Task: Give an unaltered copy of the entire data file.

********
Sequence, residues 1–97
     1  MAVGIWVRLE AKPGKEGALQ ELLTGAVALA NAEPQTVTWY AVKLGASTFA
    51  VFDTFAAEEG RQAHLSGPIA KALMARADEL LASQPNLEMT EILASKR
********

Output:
Sequence, residues 1–97
     1  MAVGIWVRLE AKPGKEGALQ ELLTGAVALA NAEPQTVTWY AVKLGASTFA
    51  VFDTFAAEEG RQAHLSGPIA KALMARADEL LASQPNLEMT EILASKR